Tuesday, 8 June 2010

East Coast Wonder (NT993533)

It’s a beauty, isn’t it? And a big ’un, to boot. It’s Berwick-upon-Tweed’s magnificent Royal Border Bridge, of course – the undoubted star of the East Coast London-Edinburgh rail line.

Begun in 1847, it was the very last section of the famous old route to be completed, being opened by Queen Victoria herself, no less, some three years later on 29th August 1850. Though the celebrated railway engineer, Robert Stephenson, claimed the glory for its design, he was little more than a figurehead in reality. Assistant engineer, Thomas Harrison, and resident engineer, George Barclay-Bruce, did most of the donkey-work – with contractors McKay and Blackstock responsible for pulling off the building feat itself to such aesthetic perfection.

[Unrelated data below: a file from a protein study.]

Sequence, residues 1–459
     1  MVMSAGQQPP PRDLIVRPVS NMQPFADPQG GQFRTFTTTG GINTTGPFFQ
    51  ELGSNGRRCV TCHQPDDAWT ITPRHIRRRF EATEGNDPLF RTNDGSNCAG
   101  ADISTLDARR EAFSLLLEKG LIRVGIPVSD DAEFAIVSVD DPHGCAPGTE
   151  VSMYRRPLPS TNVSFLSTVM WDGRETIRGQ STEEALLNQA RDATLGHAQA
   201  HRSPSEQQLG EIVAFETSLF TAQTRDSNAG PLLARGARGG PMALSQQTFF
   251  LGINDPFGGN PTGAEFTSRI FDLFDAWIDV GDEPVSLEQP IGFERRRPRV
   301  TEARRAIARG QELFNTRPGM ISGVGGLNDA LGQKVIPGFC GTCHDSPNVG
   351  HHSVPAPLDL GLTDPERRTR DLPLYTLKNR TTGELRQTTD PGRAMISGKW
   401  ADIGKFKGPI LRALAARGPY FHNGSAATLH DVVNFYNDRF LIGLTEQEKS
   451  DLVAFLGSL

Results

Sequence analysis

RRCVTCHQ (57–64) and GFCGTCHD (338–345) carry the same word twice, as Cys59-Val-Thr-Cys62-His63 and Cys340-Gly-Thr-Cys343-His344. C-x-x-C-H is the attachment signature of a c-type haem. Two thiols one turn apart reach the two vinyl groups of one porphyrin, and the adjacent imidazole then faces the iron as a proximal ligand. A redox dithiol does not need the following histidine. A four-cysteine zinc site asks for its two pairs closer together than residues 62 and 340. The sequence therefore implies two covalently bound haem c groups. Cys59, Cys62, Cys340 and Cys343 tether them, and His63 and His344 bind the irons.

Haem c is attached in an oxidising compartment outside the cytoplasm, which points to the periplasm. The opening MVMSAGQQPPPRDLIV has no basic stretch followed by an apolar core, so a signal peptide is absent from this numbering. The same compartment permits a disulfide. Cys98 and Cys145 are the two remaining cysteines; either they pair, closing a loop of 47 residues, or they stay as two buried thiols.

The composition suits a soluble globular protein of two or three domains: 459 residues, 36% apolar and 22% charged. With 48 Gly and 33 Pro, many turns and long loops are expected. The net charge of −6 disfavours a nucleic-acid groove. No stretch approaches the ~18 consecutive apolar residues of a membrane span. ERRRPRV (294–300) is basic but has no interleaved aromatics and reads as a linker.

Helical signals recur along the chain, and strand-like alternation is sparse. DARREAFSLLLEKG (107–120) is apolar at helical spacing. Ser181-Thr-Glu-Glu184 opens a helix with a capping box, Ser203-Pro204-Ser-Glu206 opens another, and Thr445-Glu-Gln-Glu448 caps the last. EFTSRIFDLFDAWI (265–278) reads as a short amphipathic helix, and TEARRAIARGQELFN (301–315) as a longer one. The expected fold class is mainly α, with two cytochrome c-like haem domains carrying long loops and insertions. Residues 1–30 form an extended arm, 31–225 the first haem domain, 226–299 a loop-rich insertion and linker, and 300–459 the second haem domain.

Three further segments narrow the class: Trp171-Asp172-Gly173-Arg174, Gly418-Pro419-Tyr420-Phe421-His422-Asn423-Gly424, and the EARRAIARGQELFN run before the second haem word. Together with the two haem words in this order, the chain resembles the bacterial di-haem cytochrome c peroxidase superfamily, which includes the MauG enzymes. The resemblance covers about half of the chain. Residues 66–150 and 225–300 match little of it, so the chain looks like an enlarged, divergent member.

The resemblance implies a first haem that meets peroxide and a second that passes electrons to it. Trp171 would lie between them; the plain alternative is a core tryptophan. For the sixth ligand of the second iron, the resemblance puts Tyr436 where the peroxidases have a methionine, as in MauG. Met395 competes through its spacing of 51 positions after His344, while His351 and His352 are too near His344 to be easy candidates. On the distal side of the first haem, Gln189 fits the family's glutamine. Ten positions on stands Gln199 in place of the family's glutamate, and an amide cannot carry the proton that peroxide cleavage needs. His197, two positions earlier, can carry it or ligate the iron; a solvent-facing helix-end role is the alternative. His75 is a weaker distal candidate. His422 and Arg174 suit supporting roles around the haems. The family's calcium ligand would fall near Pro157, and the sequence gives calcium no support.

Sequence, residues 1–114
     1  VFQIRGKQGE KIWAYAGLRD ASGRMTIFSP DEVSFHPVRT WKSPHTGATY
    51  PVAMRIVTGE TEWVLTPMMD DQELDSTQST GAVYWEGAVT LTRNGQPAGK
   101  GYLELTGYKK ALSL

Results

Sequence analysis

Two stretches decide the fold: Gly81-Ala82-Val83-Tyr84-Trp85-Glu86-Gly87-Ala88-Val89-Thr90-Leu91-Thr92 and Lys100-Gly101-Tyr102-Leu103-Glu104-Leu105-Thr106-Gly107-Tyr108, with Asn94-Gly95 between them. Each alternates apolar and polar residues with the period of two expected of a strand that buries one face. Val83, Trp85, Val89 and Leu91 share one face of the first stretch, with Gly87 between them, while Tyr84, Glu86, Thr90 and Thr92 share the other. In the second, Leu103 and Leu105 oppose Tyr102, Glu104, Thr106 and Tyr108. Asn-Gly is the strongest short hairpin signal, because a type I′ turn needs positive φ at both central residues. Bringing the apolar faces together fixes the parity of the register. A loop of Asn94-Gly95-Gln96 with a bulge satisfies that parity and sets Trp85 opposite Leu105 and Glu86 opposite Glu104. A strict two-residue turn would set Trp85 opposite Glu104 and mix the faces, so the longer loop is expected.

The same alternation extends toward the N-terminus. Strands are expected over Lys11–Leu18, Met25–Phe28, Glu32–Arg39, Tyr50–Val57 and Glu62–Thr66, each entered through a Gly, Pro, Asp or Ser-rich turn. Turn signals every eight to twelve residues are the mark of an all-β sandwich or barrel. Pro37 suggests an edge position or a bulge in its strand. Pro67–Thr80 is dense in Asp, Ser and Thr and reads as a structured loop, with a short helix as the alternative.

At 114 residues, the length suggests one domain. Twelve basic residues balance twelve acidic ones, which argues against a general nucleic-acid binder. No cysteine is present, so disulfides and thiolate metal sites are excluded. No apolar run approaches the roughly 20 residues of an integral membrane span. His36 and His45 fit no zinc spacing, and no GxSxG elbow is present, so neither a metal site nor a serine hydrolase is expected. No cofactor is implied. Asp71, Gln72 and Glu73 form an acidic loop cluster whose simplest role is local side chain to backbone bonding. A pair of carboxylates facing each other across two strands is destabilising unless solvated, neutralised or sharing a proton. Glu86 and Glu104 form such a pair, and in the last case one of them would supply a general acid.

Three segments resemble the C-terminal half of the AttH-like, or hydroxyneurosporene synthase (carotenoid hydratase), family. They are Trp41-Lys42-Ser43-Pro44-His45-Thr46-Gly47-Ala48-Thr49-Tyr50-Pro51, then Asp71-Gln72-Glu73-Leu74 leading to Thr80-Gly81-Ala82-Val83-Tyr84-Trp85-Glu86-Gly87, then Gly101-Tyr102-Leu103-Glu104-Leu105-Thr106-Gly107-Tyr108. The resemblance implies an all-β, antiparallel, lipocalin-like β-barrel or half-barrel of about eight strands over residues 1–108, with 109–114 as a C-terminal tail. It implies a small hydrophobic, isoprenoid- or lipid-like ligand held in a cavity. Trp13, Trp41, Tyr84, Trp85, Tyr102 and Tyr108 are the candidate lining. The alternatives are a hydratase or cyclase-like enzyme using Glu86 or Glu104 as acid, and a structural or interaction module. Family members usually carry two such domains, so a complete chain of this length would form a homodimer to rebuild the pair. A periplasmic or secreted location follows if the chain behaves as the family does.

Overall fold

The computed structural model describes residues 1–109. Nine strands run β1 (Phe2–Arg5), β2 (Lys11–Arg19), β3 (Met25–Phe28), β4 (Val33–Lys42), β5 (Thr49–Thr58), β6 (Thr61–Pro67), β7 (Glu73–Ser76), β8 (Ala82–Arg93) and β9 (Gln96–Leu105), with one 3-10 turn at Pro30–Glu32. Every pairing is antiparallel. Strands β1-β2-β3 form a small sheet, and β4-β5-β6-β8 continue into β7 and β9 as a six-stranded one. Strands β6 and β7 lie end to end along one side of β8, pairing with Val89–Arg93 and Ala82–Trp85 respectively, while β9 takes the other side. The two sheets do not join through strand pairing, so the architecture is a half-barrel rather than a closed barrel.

And the construction process must have been a tricky one. The bridge was completed later than the rail line itself, the stone viaduct being built around and from within a temporary wooden affair. The foundations were driven down through some 12m of gravel to the bedrock using a state-of-the-art Nasmyth steam-powered pile-driver; and the stone piers – framing 28 giant arches – pushed the viaduct up to a dizzy 38m above the River Tweed. The bridge stretches a lengthy 658m (just over 0.4mile), and was later modified, width-wise, to accommodate an extra rail track. It is now a Grade I listed building.

No such protection was offered to old Berwick Castle, however, during those thrusting Victorian days. For the already ruinous landmark was pretty much obliterated during clearance work for the bridgehead and station, masonry being thoughtlessly and enthusiastically recycled during the bridge’s construction. It is thought that the very spot where King Edward I took oaths of allegiance from the Scots in 1296 lies beneath the present-day station platforms.

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